Wednesday, May 30, 2012
Review: The Most Beautiful
Version I Watched: Standard definition Eclipse series DVD as part of the First Films of Akira Kurosawa box set.
Starring: Takashi Shumura, Soji Kiyokawa, and Ichiro Sugai.
History: An original story written and directed by Akira Kurosawa, set up to as a propaganda film from the Japanese end (Obviously) during WWII. Kurosawa filmed at an actual factory in Hiratsuke and to get a better performance out of the actors he also had the actors live on the campus of the factory during filming. Since this was filmed during wartime there was a government order to save film which explains why there are no credits in the film aside from a title and 'The End.' Kurosawa would end up marrying Yoko Yaguchi, one of the actresses, shortly after filming. They would stay married until her death just under forty years later.
My Personal History: This was my first viewing. The box set was a Christmas present.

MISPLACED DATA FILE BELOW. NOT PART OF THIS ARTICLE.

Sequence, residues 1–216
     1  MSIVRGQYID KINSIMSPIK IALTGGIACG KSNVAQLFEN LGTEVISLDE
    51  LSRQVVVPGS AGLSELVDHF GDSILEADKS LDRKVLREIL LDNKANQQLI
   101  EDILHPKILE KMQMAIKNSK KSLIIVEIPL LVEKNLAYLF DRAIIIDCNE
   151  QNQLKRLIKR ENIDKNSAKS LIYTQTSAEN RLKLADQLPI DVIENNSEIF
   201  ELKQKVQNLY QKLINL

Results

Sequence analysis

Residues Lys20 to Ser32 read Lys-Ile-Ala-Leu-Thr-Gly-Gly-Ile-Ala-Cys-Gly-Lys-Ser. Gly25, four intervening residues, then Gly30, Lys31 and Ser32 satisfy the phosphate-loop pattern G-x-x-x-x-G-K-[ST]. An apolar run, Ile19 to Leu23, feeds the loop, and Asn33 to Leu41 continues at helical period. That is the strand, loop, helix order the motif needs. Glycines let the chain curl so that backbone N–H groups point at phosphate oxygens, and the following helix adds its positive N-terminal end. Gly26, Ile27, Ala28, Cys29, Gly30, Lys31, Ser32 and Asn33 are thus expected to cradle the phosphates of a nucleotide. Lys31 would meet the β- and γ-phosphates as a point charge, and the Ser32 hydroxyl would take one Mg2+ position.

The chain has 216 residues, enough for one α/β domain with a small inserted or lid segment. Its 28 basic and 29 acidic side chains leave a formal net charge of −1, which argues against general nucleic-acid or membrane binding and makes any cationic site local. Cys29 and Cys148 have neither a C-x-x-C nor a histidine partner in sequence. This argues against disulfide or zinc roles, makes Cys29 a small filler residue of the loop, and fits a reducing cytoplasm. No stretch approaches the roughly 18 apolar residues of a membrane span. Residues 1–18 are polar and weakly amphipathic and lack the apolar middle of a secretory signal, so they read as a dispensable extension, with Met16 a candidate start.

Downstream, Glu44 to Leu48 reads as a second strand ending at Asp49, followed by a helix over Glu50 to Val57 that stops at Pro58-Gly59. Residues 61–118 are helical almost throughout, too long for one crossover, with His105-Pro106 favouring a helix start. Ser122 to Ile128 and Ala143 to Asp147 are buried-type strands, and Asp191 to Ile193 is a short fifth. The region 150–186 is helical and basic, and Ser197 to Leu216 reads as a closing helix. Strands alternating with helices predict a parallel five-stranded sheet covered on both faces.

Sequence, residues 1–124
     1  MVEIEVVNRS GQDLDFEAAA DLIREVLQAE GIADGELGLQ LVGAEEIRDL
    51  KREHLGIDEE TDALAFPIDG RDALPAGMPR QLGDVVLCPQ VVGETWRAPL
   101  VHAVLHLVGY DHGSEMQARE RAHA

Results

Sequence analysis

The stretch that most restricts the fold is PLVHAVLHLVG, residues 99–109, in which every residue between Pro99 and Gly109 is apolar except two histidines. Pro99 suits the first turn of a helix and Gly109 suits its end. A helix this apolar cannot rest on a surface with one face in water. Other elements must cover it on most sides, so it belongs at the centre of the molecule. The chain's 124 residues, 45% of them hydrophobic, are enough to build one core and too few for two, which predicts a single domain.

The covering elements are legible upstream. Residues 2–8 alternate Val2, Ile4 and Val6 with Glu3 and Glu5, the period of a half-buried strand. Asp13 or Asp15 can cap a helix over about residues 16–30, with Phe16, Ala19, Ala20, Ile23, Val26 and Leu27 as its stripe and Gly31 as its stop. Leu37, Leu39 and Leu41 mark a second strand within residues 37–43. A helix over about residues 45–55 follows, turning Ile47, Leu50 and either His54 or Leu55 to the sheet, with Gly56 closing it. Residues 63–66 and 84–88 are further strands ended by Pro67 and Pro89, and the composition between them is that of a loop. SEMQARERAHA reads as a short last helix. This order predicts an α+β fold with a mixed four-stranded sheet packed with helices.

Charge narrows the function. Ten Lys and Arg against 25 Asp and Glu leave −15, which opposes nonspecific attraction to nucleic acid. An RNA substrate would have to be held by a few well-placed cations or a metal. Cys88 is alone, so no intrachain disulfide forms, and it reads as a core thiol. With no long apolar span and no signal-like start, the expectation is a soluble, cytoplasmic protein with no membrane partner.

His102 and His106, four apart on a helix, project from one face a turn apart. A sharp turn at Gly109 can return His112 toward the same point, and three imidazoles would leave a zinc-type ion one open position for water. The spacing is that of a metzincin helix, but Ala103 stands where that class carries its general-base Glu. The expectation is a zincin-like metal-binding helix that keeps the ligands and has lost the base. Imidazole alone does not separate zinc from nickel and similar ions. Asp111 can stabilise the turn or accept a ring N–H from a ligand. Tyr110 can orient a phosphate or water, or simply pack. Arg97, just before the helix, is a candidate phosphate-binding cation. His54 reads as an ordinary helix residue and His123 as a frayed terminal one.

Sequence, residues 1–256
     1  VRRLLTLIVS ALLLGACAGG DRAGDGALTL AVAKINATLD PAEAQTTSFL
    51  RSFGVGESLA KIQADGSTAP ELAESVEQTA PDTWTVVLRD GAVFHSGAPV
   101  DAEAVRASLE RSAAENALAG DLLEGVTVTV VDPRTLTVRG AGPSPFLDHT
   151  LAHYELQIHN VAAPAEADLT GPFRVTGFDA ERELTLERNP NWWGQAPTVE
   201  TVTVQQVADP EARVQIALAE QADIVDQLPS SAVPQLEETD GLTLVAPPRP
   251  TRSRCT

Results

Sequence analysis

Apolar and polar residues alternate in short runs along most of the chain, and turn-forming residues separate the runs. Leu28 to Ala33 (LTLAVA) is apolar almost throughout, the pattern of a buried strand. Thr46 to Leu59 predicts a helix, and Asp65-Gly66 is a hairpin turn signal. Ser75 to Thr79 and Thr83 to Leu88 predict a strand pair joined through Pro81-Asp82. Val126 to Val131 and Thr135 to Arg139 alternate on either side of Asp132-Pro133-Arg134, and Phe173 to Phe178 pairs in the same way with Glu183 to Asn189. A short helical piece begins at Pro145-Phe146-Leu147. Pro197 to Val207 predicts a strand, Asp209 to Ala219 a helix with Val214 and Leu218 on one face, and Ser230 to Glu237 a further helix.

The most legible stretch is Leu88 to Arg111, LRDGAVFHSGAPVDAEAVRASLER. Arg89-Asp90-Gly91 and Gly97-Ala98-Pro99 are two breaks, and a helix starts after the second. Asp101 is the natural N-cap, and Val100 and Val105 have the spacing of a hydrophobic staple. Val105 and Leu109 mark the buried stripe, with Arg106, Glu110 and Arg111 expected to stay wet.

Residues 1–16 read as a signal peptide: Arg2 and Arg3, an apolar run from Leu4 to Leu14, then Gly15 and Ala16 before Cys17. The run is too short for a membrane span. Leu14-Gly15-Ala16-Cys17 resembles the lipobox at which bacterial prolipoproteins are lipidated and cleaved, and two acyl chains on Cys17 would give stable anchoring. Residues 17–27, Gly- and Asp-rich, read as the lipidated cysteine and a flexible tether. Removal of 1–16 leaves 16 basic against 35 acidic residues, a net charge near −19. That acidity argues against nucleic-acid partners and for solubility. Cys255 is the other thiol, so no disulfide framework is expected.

Review: Well here's something a bit different than my other reviews so far. Get used to it because I love Kurosawa's work and I've been meaning to get through the four disc box set I have for a long time. Not just that but I'm pretty into the early days of film as well. What fascinates me most about this film being born and raised in the States is it's a topic we see a lot but not from the perspective it's from. This was filmed during and the story is set during WWII but of course from the Japanese perspective. At it's most basic level the film is about a group of factory workers who get an emergency quota increase for a temporary amount of time because of a development in the war. What starts out as a pretty fun group of girls slowly downward spiral and become to succumb to the stress and fatigue the longer hours and more demanding work that comes with the new quota.